Columns (World) by Sega (1990) Developed by SEGA Enterprises Ltd. Released 1990 Also For FM Towns, Game Gear, Genesis, Linux, Macintosh, MSX, Nintendo 3DS, PC-88, PC-98, Sharp X68000, SEGA Master System, SNES, Sharp Zaurus, TurboGrafx-16, Wii, Windows Published by SEGA Enterprises Ltd. Perspective Side view Pacing Real-Time Genre Puzzle Gameplay Falling Block Puzzle Visual Fixed / Flip-screen Description Columns is loosely derived from Tetris , as it involves arranging falling blocks in such a... favoritefavoritefavoritefavoritefavorite ( 1 reviews )
Thunder Cross II (World) by Konami (1991) Developed by Konami Industry Co. Ltd. Released 1991 Platform Arcade Published by Konami Industry Co. Ltd. Perspective Side view Genre Action Setting Sci-Fi / Futuristic Visual 2D scrolling Description Thunder Cross II is a 2D side-scrolling shoot 'em up game and sequel to Thunder Cross . You once again take control of a spaceship to save the galaxy. As you make progress and fight of various space crafts, static guns, walkers and bosses power-ups come... favoritefavoritefavoritefavoritefavorite ( 1 reviews )
Klax (クラックス Kurakkusu) is a 1989 computer puzzle game designed by Dave Akers and Mark Stephen Pierce. The object is to line up colored blocks into rows of similar colors to make them disappear, to which the object of Columns is similar. Atari Games originally released it as a coin-op follow up to Tetris, about which they were tangled in a legal dispute at the time. Akers programmed Klax in just a few weeks using AmigaBASIC, then ported it line-by-line to C. In a 1990 interview, he... favoritefavoritefavoritefavoritefavorite ( 2 reviews )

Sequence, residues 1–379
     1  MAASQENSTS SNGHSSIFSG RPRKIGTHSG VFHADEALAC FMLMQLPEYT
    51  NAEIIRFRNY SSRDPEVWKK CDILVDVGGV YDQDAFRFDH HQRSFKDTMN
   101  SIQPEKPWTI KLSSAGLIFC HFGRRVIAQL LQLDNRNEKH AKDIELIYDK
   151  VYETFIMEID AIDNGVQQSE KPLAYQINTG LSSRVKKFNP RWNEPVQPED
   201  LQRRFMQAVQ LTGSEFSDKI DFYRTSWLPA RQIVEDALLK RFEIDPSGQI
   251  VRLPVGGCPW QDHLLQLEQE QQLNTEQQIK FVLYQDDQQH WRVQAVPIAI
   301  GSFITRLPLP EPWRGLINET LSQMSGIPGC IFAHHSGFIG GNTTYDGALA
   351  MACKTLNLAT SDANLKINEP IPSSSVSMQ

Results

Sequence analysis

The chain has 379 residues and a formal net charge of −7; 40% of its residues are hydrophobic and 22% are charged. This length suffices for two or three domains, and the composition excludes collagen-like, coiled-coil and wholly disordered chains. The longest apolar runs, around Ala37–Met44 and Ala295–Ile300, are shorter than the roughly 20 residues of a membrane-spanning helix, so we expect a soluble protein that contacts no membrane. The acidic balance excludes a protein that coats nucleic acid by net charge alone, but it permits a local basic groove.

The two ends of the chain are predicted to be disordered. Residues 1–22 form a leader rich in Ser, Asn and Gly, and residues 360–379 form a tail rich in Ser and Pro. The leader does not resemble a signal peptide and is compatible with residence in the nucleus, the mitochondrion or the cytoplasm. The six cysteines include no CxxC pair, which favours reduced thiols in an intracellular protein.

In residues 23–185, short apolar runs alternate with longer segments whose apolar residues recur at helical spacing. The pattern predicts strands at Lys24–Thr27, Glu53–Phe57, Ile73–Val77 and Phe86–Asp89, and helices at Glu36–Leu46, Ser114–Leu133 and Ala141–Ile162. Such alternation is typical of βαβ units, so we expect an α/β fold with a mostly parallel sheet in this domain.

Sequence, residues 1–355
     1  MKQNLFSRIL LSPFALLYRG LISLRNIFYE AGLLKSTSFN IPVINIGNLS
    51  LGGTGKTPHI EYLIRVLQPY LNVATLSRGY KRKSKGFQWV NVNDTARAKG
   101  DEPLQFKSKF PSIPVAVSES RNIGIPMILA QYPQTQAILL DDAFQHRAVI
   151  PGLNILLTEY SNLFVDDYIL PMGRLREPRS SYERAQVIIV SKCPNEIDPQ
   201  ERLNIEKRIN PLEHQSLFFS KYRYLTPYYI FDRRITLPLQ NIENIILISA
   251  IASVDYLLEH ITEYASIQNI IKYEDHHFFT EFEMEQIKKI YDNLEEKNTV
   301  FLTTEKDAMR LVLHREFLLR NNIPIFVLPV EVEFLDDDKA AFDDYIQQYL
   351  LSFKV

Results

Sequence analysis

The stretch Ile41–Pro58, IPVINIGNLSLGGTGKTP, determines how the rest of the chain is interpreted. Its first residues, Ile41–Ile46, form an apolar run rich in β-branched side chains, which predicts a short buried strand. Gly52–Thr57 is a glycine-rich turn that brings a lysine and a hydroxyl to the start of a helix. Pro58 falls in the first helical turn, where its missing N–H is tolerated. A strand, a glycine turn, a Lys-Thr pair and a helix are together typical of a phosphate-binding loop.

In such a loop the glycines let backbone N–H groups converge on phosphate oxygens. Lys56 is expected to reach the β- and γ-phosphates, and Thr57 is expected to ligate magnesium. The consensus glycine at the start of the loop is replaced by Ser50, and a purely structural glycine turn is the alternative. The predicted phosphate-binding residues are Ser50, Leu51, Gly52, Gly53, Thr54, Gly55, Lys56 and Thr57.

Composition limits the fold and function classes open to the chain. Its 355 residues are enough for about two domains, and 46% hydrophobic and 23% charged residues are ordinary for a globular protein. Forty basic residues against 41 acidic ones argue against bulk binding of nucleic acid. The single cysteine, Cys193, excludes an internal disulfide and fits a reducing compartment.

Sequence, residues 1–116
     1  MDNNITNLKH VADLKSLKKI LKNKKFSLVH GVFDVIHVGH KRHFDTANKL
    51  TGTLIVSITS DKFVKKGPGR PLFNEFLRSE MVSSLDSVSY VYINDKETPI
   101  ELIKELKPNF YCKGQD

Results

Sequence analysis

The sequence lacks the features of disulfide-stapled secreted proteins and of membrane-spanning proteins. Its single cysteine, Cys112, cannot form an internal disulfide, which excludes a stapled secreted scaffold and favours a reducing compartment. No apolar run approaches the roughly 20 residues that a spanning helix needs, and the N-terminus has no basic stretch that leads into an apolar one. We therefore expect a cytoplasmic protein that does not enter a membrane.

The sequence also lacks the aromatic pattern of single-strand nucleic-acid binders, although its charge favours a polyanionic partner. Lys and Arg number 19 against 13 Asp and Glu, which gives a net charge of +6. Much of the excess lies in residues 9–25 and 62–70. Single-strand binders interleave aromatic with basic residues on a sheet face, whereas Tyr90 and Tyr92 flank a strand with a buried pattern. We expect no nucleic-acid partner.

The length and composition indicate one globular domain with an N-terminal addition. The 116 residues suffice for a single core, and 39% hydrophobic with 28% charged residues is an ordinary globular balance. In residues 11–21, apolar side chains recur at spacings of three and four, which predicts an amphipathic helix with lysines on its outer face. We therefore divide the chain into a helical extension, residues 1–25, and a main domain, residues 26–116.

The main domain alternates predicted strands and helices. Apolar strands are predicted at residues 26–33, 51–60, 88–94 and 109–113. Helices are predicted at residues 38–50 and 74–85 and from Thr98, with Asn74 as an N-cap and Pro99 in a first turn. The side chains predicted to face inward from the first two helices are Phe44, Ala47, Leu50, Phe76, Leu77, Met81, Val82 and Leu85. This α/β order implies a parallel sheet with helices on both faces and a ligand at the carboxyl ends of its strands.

The Internet Arcade is a web-based library of arcade (coin-operated) video games from the 1970s through to the 1990s, emulated in JSMAME, part of the JSMESS software package.
Containing hundreds of games ranging through many different genres and styles, the Arcade provides research, comparison, and entertainment in the realm of the Video Game Arcade.
The game collection ranges from early "bronze-age" videogames, with black and white screens and simple sounds, through to large-scale games containing digitized voices, images and music. Most games are playable in some form, although some are useful more for verification of behavior or programming due to the intensity and requirements of their systems.
Many games have a "boot-up" sequence when first turned on, where the systems run through a check and analysis, making sure all systems are go. In some cases, odd controllers make proper playing of the systems on a keyboard or joypad a pale imitation of the original experience. Please report any issues to the Internet Arcade Operator, Jason Scott.
If you are encountering issues with control, sound, or other technical problems, read this entry of some common solutions.
Also, Armchair Arcade (a video game review site) has written an excellent guide to playing on the Internet Arcade as well.
Below are a suggested collection of games that run at proper speed in a powerful browser. (Firefox is currently the fastest environment, although other browsers should work as well.)
Images of Marquees and Snapshots of in-game screens come from the Progetto Snaps collection, who have spent years creating impeccable support materials for the worl
d of emulation.